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Re: Coronavirus, what happens next

Postby bobscott » Fri May 15, 2020 9:25 am

YoMo2 wrote:I think it is generally true to say that most governments, and the Civil Service are pretty useless in a crisis. Anything other than the status quo throws then into a complete panic. In the case of politicians, this is mostly because they are obsessed with popularity and public opinion rather than doing the right thing in a given situation. In the case of the Civil Service, it's because an emergency requires initiative and creative thinking.

Andrew


As a retired civil servant, I refuse to rise to the bait! Believe what you like. Who cares? Bob.
Yesterday today was tomorrow. Don't dilly dally!

Kilkis
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Re: Coronavirus, what happens next

Postby Kilkis » Fri May 15, 2020 10:13 am

I don't think the individual civil servants lack initiative or creativity but the civil service does tend to work on quite strict procedures which inhibit/stifle initiative and creativity.

As an example, in 2018 I needed DWP to send me a letter that said that my payments were a UK State Pension and the amount paid for the period 01/01/2016 to 31/12/2016. They couldn't do it. It was totally impossible. They were only allowed to send out standard format letters and there was no such standard format letter. In the end they managed to send two letters. The first, IPC PMTS 133 01/14, contained the statement "I am writing to confirm that your State Pension, awarded to you from ..., is now payable at the weekly amount of .... This identified that I was receiving a UK State Pension but the amount shown was the weekly amount in 2018. The second, IPC 147 12/13, showed the amount paid for the correct period but had the statement "The statement of benefit payments that you asked for is given below." i.e it did not say what the benefit was.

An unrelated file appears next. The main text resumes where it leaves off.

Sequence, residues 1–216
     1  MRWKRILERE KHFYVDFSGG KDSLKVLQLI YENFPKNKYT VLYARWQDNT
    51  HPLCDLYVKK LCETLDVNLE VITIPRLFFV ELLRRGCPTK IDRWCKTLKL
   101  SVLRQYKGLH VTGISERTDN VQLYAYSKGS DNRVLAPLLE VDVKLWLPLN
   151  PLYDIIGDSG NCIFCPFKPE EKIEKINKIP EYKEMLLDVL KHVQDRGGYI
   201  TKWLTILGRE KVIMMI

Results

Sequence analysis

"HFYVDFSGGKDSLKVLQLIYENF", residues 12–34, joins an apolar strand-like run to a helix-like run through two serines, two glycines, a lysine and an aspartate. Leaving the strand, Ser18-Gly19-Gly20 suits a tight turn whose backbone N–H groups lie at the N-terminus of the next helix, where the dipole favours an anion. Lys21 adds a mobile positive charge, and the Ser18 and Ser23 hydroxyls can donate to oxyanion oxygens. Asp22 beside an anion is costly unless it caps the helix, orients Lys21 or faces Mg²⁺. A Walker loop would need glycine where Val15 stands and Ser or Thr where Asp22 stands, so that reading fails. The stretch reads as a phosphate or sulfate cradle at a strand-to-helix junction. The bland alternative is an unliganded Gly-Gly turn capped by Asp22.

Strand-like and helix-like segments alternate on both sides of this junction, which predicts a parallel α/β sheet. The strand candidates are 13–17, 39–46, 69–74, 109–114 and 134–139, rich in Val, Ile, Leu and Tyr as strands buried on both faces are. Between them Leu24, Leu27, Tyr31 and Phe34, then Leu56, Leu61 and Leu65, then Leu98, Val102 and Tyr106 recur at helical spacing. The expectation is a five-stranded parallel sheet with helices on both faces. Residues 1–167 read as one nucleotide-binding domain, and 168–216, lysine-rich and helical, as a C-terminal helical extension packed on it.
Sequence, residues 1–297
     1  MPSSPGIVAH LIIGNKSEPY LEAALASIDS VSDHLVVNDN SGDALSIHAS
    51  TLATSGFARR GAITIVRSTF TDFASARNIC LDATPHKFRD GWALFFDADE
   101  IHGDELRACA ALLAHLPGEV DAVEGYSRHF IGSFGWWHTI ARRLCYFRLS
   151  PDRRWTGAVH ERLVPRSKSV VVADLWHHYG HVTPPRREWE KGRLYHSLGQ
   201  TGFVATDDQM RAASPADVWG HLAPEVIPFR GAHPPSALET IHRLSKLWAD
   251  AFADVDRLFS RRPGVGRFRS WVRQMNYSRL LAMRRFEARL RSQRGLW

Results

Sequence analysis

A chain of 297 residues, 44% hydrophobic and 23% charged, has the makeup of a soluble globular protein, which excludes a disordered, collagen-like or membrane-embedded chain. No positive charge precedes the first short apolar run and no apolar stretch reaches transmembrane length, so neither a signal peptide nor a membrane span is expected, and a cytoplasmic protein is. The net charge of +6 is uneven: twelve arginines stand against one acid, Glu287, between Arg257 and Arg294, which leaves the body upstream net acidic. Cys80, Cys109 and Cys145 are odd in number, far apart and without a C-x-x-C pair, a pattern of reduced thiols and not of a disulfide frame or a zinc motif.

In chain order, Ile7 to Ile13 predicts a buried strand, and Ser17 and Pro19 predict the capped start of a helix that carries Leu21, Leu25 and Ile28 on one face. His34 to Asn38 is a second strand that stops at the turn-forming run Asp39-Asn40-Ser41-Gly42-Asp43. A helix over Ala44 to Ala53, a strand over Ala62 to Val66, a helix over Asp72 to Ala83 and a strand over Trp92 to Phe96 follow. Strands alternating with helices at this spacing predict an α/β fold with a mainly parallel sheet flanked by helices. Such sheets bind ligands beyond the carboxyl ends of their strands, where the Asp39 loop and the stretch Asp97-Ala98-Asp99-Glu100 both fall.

That type of procedural rigidity does not lend itself to rapid proactive response during an emergency. I suspect that rigid procedural thinking did cause some of the problems in PPE procurement for example. Several established UK suppliers of PPE to non-NHS users, both in the UK and abroad, who are approved by the NHS but did not normally supply to the NHS, were contacting the NHS to offer PPE and not getting any response. Having said that I think the main problem in the UK was slow political decision making.

Warwick